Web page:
This is a bit of a chicken-egg situation. Dortmund haven’t played like this forever, and Lewandowski’s been a huge part of enabling this style. His ability to (a.) play the lone striker, (b.) in a press-heavy 4-2-3-1, (c.) on a team competing for major honors requires a rare skill-set, one that you see in Napoli’s Edinson Cavani and few others. Cavani is more tenacious, is better in the air, and has a physical quality Lewandowski doesn’t possess, but Lewandowski’s superior on the ball and a more dangerous passer, qualities that make him a great fit for a Dortmund. BVB’s style has come to depend heavily on its number nine’s ability to make the Götzes and Marco Reuses of the world more dangerous.
Lewandowski’s what German journalist Raphael Honigstein recent called labeled the best “footballing” forward in the world. Honigstein didn’t necessarily mean the Dortmund forward was the best at his position; more readily, he was describing the Polish international’s proficiency across multiple disciplines. In an evermore 4-2-3-1 world — a world where a forward’s versatility is more valuable than any singular, standout trait — the Lewandowski, Cavani-level talents become even more valuable.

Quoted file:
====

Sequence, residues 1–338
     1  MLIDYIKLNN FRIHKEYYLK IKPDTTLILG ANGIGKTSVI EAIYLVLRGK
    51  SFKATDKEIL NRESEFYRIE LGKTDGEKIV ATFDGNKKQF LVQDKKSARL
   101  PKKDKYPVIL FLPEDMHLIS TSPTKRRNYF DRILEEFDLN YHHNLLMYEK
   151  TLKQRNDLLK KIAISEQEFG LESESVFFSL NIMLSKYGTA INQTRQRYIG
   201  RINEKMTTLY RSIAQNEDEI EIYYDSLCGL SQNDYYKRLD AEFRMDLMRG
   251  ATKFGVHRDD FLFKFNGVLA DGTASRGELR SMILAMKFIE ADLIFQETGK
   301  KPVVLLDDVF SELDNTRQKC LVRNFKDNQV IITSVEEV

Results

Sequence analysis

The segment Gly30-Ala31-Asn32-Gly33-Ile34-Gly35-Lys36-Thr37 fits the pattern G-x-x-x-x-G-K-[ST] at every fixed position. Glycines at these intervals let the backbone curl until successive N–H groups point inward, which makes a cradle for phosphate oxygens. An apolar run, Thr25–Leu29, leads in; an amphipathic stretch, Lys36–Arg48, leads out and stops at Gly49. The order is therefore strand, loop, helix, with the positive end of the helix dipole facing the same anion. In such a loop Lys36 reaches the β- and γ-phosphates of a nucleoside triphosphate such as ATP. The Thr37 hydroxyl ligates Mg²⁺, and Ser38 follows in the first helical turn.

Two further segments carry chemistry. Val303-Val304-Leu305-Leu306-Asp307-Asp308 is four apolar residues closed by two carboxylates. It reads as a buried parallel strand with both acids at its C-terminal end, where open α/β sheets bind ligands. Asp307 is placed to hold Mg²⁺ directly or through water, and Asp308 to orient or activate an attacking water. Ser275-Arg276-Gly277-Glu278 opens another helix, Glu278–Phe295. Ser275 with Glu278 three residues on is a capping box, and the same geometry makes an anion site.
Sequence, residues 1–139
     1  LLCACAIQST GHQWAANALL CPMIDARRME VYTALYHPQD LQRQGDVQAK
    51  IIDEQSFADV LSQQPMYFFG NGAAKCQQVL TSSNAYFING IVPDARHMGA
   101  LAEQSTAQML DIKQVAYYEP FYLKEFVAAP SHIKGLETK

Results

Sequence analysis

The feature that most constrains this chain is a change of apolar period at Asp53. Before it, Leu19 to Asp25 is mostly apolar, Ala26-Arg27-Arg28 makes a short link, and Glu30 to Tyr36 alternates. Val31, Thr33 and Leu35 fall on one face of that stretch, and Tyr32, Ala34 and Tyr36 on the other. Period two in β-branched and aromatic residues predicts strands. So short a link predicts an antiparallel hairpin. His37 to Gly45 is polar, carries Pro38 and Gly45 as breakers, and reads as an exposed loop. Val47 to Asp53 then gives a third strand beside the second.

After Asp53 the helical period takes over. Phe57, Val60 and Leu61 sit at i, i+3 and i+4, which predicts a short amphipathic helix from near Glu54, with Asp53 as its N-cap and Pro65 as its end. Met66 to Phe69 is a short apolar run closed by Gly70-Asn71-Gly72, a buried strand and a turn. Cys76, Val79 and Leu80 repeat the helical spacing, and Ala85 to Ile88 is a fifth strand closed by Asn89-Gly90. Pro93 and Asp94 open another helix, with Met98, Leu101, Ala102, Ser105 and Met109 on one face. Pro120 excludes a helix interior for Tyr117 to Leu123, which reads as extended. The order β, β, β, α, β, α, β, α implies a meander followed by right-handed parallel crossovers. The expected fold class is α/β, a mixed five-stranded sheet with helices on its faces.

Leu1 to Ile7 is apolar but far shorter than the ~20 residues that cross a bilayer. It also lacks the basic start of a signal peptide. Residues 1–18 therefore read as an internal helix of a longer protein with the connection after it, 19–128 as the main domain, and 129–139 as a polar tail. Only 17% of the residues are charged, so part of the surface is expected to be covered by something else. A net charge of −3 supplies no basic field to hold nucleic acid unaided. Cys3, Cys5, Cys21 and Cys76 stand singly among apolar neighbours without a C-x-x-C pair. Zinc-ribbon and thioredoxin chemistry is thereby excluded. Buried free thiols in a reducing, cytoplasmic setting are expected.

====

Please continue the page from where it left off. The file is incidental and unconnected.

Suffice to say, Dortmund’s not going to go out and get Edinson Cavani. And it’s unlikely Mario Mandzukic will end up at the Westfalenstadion in a Lewandowski swap. BVB could go out and buy another capable striker, like Manchester City’s Edin Dzeko (linked with Dortmund or at least six months), but he only offers part of Lewandowski’s skill-set, as do a slew of other players the former champions could pursue.
Broadly, it seems there are two possible paths. Dortmund could go out and get a workhorse that can press, potentially hold up the ball, and provide some value on set pieces, but such players tend to lack the nous capable of collecting 36 goals in a season. Or, Dortmund could go for a Dzeko-type player who’s more likely to produce goals yet isn’t as good linking play or gliding through the pressing game. Because the type of players that give them the whole Lewandowski, Cavani, Suárez-type package? They require the same wages that are prompting Lewandowski’s move.